The purpose of the heart is to pump blood to the body in order to nourish it. Heart failure doesn't mean that the heart has stopped working, but that it just isn't able to pump enough blood to meet the needs of the body.
This may occur when the heart muscle is weak or when the heart valves are leaky. When the heart does not circulate blood normally, the kidneys receive less blood and filter less fluid out of the circulation into the urine. The extra fluid in the circulation builds up in the lungs, the liver, around the eyes, and sometimes in the legs. This is called fluid "congestion" and for this reason doctors call this "congestive heart failure".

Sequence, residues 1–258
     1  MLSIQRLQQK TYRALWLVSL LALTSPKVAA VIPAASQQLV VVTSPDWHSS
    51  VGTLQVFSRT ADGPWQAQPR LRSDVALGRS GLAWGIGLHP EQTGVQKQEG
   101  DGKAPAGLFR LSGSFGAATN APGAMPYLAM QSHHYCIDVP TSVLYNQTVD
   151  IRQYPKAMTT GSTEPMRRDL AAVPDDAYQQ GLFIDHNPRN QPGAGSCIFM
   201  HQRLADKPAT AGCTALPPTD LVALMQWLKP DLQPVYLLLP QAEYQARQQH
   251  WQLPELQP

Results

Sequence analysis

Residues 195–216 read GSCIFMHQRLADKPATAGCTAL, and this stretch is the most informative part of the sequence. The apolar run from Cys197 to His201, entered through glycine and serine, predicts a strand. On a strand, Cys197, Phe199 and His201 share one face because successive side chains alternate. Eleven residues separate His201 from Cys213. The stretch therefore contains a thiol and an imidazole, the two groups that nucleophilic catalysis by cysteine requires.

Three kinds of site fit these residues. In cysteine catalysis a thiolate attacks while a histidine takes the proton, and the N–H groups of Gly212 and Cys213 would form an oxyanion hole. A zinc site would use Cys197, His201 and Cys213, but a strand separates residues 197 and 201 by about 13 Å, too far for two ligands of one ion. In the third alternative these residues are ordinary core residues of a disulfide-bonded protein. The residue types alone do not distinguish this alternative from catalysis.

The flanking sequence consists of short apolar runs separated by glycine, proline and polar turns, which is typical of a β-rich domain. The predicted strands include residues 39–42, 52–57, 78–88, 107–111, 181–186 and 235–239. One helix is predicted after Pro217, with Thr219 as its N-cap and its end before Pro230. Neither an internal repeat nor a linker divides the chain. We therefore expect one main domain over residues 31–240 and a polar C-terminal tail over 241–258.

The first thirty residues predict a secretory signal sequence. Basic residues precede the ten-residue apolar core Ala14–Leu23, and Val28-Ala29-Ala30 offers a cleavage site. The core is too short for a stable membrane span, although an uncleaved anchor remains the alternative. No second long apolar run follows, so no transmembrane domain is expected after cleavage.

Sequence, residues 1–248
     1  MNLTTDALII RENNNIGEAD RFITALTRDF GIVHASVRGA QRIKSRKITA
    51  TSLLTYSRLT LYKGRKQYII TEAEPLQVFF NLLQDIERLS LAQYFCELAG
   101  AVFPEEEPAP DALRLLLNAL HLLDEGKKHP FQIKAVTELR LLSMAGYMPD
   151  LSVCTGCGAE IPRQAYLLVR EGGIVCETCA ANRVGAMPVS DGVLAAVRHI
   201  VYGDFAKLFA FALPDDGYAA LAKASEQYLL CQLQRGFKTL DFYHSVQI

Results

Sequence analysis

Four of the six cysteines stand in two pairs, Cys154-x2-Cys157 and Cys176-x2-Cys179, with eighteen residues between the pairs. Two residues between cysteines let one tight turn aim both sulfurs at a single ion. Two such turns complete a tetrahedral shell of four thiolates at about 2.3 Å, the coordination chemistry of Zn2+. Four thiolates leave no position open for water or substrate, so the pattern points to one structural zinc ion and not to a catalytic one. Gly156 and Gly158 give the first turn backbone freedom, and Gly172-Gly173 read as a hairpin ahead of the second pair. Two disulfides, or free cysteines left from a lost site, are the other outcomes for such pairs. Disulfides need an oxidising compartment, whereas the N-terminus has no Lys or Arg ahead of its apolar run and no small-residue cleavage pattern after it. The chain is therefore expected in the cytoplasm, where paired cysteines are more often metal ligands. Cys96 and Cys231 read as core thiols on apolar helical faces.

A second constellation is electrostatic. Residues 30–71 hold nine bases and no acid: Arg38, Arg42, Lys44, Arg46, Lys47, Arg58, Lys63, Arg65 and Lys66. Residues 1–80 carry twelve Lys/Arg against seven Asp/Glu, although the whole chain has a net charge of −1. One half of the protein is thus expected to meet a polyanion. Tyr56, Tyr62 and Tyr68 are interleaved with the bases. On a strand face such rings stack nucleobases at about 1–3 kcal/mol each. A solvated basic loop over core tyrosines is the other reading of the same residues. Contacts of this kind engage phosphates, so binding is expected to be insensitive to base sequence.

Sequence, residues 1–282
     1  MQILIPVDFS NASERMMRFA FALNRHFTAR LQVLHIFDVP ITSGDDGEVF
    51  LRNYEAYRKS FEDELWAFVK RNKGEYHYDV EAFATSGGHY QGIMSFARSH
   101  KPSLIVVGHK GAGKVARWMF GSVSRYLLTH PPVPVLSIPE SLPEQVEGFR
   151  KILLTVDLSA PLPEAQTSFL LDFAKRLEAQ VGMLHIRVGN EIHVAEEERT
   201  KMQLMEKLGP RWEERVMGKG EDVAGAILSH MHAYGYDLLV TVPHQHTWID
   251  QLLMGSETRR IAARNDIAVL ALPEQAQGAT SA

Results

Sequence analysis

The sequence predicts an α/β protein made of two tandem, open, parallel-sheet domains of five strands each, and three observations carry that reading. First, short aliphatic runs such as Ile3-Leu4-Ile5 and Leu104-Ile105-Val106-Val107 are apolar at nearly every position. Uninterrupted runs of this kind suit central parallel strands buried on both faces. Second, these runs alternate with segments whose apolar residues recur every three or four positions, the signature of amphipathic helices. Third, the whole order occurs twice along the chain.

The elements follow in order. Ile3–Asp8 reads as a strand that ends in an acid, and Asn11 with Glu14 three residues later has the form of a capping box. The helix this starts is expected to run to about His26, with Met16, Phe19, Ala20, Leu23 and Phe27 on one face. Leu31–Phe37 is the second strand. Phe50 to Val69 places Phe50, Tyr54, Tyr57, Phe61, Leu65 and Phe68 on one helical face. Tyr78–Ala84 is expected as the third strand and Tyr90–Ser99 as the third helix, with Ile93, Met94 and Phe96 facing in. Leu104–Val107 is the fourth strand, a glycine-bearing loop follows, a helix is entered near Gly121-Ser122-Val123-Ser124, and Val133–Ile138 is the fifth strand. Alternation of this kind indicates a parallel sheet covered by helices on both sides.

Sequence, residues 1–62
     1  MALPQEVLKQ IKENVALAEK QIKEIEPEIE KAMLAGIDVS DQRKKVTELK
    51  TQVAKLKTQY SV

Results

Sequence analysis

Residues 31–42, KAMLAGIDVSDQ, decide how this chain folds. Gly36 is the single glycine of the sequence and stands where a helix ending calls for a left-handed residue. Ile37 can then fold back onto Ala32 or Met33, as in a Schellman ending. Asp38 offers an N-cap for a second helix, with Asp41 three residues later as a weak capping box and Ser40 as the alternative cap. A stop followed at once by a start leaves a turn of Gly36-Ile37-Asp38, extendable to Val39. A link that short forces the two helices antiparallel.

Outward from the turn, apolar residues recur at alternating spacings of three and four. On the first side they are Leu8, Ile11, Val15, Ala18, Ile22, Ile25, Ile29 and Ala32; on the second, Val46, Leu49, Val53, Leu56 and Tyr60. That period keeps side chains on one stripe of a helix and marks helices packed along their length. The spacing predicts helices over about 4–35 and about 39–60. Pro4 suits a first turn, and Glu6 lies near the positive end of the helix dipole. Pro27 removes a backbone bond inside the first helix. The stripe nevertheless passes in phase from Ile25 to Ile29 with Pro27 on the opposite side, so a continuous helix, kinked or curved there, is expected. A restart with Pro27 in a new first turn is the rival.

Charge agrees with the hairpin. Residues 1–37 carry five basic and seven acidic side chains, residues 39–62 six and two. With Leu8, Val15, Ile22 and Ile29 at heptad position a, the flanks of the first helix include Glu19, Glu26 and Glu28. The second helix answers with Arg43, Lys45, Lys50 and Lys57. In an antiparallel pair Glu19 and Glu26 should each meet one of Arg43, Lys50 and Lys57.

Older children with congestive heart failure may be tired and have problems keeping up with their friends on the playground. Infants with congestive heart failure usually have symptoms during feeding including sweating, fast breathing and fatigue. These infants also may have problems gaining weight. Fluid may also build up in the rest of the body, causing swelling of the feet, the legs or around the eyes.
Medicines called diuretics (or water pills), e.g., furosemide (Lasix), help get rid of the extra fluid by increasing urination. To help the body rid itself of the extra fluid, a low-sodium diet may sometimes be necessary. Blood vessel relaxing medications, such as captopril or enalapril, may be used to make it easier for the heart to pump. Another medication, digoxin, may help the heart contract with more force.